1.  I bought an indoor/outdoor thermometer.  I put the outdoor sensor in the greenhouse and the base inside.  Now I can monitor the temperature from my office to get a better idea of the temperature ranges throughout the year.


2.  After much nagging, pleading, threatening, blackmailing, begging and basically having a meltdown, I finally got Nate to run electricity to the greenhouse, which means I can use germination mats and eventually grow lights when I can afford them.  I think the germination mat has helped tremendously, not only to keep the seed trays above freezing some nights, but to help the warm weather seeds, such as eggplants and peppers, get a jump start.  

3.  When we installed the greenhouse, we knew we would have to add shelving.  At the time we finished, we were so sick of the project that I don't think I could have gotten Nate to build shelving for a million dollars.  So, I spent more money than I wanted to on pre-made shelving.  What I love about the shelving is that the shelf heights are easily adjusted and I can add or take away shelves as I need them. I would not have had this feature if Nate had built them for me, so I'm happy about that.  And, since they are 4' in length and 2' wide, they hold a large germination mat and 4 seed trays perfectly.  However, the shelving came stock with particleboard shelves and eventually the particleboard buckles in the center from the moisture, so I knew I would have to replace them eventually.  My solution is to use decking boards.  Because the boards are not a true 6" in width, they don't take up the entire width of the 2' space.  Our solution is to put two screws on each board to hold it securely against the next one. Now the shelves are secure and won't buckle from the moisture.  I'm slowly working on replacing the particleboard as each one buckles and as the budget allows.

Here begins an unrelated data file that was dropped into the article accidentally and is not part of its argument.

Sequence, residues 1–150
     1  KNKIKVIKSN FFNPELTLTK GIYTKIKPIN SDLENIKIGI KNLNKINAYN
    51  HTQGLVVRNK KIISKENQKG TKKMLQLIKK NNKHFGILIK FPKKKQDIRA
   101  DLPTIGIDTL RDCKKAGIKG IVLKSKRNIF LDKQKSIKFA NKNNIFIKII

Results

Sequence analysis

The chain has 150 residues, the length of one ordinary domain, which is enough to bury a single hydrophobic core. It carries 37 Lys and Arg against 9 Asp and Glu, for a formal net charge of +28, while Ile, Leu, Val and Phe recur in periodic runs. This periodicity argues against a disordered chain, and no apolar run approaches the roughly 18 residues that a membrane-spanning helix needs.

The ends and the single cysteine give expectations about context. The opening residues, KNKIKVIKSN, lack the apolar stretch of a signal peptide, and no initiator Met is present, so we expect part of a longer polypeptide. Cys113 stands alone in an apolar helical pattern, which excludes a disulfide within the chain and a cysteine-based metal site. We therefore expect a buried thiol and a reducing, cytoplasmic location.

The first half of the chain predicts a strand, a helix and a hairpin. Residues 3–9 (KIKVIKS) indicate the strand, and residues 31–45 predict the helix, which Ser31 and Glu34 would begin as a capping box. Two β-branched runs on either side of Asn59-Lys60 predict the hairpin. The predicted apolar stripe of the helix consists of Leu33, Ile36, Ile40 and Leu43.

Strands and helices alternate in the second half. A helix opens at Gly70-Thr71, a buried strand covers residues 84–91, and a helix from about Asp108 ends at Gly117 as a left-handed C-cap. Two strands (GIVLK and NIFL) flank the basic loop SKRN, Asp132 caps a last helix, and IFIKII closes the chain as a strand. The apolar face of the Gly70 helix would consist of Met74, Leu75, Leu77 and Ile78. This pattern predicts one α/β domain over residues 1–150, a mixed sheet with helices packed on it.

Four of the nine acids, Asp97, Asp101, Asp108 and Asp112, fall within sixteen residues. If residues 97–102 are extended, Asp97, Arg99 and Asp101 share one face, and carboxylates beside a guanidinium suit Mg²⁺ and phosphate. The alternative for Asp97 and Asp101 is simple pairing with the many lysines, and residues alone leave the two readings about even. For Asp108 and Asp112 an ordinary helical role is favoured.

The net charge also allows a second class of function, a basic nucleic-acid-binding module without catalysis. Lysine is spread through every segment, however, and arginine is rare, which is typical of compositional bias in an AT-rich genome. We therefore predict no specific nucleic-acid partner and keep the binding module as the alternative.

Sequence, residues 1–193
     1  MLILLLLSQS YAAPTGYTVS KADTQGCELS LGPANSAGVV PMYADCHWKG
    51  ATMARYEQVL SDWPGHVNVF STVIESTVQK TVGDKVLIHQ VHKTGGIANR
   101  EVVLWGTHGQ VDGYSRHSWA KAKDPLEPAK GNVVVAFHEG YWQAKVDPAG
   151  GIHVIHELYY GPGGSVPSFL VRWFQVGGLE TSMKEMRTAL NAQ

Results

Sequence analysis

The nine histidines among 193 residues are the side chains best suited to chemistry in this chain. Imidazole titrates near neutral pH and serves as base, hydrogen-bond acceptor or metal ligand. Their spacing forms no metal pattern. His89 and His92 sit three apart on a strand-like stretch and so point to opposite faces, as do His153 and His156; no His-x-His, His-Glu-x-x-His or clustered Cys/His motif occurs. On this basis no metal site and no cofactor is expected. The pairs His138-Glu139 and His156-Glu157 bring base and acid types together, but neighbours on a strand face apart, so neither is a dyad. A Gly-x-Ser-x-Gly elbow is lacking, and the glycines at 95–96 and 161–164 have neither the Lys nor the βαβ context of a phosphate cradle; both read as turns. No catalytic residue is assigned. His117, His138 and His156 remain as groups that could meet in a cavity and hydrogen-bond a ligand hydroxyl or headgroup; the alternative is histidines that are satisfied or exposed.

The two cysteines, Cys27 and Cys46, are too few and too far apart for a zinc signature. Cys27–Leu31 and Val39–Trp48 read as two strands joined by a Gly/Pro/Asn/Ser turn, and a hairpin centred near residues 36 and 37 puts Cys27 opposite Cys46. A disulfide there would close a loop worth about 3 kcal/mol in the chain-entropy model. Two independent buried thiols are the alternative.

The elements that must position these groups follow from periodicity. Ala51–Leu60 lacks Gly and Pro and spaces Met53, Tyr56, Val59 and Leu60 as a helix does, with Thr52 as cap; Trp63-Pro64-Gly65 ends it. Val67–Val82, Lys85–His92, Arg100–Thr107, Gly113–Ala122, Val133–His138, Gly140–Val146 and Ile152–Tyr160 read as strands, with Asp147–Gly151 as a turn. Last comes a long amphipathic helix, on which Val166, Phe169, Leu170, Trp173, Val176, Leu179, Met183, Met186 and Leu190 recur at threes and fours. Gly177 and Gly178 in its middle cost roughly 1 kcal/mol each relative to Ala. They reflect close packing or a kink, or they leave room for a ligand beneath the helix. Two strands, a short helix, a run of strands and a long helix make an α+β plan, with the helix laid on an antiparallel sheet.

4.  Another thing I've tried to do is to create thermal mass.  I added mulch on the floor, and as it decomposes, it will create heat.  I would also like to add some type of water container, be it just a barrel of water or even some type of hydroponic or aquaponic system.  Once again, the water will heat during the day and release that heat at night, thus helping heat the greenhouse a smidge better.

Maybe at some point, I'll research some type of solar heater, but for now, I'm happy just to get some baseline items out of the way.

Happy homesteading,


Thursday, February 26, 2015

Throw Back Thursday

This past summer I participated in a farm tour through an amazing organization called Augusta Locally Grown.  It had been raining off and on all day, and I was a mess from being rained on and from the stress of thinking we would get rained out.  And, surprise, surprise, I found out once my tour started that I was going to be video-taped and interviewed.  That sent my introverted self into panic mode, but everything went well, so for TBT, I thought I would share the video. Plus, I'm sharing it because I miss summer!  Well, I don't miss the heat and humidity and mosquitoes, but the other stuff, the fun stuff.  As you will see, I was by far the smallest farm on the tour.  Grow where you're planted, right?  Enjoy!